Site: For most abundant blooms and greatest vigor, roses need to receive 6 to 8 hours of direct sunlight each day. In hot climates, they will appreciate receiving protection from the most intense afternoon sun. In cool climates, a fence or a warm south- or west-facing wall can add enough extra warmth to boost flower production and reduce winter damage.
Soils: Roses need good drainage and a rich, moisture-retentive soil, with a pH between 6.5 and 7. If your soil is heavy and wet, you may want to consider planting your roses in raised beds. Compost should be added to create a loose texture with a high organic content. For help correcting a pH imbalance, read Building Healthy Soil.
Water: Roses require more water than most other landscape plantings, especially during the first year as the plant is getting its roots established. The best way to water your roses is with drip irrigation. It concentrates the water at the root zone where it is needed, and keeps the foliage dry to minimize disease problems. A good, thick layer of organic mulch will help conserve moisture, reduce weeds, and encourage healthy root growth. As the mulch breaks down, it will also add organic matter to the soil.
Fertilizer: Roses are heavy feeders, and will benefit from a steady supply of nitrogen, phosphorus and potassium. You can provide these nutrients with either liquid or granular fertilizers, at a ratio of approximately 5-8-5. In most cases, regular applications of compost, rotted manure, fish emulsion and seaweed extracts will provide roses with all the nutrients they need. These organic amendments also help to moderate pH imbalances and stimulate beneficial soil life. Other organic amendments favored by rose growers include greensand, black rock phosphate and alfalfa meal.
Pruning: Dead, weak and sickly stems can lead to disease problems. Pruning these away will increase air circulation to the center of the plant and minimize fungus problems. Pruning also stimulates new growth, and allows you to shape the plant in a pleasing manner. Spent flowers should be removed during the growing season to encourage reblooming. Use a scissor-action pruner for the cleanest cuts.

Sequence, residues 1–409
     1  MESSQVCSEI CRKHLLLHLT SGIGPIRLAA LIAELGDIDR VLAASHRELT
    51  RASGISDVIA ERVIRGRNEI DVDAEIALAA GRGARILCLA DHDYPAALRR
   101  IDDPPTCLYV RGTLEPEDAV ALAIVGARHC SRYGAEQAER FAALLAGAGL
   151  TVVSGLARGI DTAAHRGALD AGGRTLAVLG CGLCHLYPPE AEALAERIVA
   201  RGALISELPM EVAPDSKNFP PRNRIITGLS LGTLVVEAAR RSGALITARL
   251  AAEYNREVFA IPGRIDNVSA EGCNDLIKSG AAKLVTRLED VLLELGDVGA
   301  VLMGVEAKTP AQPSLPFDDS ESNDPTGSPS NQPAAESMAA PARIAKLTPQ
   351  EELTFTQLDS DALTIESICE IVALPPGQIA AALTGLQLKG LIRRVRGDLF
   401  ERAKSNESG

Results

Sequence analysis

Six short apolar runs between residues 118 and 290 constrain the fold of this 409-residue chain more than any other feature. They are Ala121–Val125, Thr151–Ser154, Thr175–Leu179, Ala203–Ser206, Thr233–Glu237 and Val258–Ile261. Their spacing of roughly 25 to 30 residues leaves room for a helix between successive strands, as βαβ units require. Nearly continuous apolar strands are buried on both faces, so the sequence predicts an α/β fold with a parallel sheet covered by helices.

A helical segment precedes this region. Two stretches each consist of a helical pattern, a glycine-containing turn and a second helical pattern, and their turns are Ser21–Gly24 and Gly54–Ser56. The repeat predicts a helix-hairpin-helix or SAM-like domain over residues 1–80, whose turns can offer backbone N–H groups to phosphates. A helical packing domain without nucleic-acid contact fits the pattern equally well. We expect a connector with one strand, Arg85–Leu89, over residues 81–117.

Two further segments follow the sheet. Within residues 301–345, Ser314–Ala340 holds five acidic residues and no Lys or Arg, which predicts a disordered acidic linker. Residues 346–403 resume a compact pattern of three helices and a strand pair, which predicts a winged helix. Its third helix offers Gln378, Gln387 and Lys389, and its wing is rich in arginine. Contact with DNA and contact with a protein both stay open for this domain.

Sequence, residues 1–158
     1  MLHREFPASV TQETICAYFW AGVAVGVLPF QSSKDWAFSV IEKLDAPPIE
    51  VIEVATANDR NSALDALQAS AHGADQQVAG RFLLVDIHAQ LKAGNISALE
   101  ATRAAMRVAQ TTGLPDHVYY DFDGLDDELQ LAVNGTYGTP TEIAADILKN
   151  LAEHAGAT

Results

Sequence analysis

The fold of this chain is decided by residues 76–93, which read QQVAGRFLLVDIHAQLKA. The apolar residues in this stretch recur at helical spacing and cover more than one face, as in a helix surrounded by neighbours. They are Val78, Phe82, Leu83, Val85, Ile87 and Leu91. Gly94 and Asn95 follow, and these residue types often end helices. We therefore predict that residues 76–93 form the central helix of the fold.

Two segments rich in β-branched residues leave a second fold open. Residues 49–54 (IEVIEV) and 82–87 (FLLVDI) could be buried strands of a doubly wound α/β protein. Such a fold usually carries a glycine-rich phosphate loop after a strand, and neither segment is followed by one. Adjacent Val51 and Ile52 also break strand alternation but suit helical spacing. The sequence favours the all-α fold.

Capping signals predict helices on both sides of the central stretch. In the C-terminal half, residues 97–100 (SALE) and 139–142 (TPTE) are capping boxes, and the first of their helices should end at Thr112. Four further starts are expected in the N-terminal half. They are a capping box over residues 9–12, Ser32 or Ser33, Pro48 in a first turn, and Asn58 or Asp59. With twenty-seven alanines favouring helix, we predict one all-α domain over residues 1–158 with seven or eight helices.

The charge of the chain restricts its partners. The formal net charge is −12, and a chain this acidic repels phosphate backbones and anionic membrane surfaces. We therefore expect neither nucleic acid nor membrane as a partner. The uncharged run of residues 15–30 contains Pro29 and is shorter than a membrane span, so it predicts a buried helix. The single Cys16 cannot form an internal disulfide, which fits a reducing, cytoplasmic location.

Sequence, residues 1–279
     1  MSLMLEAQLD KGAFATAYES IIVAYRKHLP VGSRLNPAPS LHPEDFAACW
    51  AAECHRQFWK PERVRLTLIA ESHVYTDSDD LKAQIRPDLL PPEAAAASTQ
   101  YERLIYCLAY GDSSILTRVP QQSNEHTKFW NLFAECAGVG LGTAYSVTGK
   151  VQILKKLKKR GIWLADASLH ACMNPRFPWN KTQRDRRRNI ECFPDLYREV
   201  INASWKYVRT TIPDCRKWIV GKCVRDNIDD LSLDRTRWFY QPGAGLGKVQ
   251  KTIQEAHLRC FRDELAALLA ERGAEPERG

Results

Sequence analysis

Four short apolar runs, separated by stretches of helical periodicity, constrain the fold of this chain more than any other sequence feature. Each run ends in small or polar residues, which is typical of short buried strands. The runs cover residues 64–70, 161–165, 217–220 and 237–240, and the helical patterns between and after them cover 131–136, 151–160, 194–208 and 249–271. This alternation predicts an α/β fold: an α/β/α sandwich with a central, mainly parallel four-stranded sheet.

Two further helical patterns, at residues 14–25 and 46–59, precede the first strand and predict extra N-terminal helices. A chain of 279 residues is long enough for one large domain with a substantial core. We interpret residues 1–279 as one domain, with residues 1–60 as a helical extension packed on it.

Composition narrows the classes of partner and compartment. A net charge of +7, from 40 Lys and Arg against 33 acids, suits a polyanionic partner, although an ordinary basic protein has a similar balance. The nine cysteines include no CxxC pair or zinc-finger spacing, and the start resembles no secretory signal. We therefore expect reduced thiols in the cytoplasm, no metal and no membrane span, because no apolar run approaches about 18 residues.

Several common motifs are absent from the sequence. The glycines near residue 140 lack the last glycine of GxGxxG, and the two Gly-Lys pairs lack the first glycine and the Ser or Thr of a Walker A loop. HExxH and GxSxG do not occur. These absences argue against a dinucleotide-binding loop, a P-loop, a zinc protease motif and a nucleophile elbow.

Winter protection: If possible, select rose varieties that are hardy for your growing zone; ones that can survive the winter with no special protection. In cold climates, hybrid teas and floribundas, as well as some of the smaller shrub roses, will benefit from a little extra insulation.
Once you have had several weeks of below-freezing temperatures, cover the base of the rose with 12 inches of soil or mulch, and then cover the canes with straw, leaves, pine boughs or even foam insulation. Climbing roses can be wrapped right on their supports, or you can lay them on the ground and cover the canes with straw or brush. In severely cold climates, hybrid teas are sometimes partially dug up, laid down onto the soil, and the entire plant is then covered with more soil or mulch.
Pests and diseases: Prevention is the best way to avoid pest and disease problems. Start with disease-resistant varieties, keep plants in healthy condition (well fertilized and well watered), maintain good air circulation, keep foliage dry, and remove any diseased foliage or spent flowers. For persistent pest problems, you can use botanical insecticides such as sabadilla, neem, rotenone, and pyrethrins. These are broad-spectrum controls, meaning they kill many types of insects, both good and bad. Though they are organic, these controls are potent and should be used sparingly.
For caterpillars and Japanese beetle grubs, use Grub Guard or Milky Spore (Bacillus popilliae). Insecticidal soaps, such as Rose Rx are effective against scale, spidermites and aphids.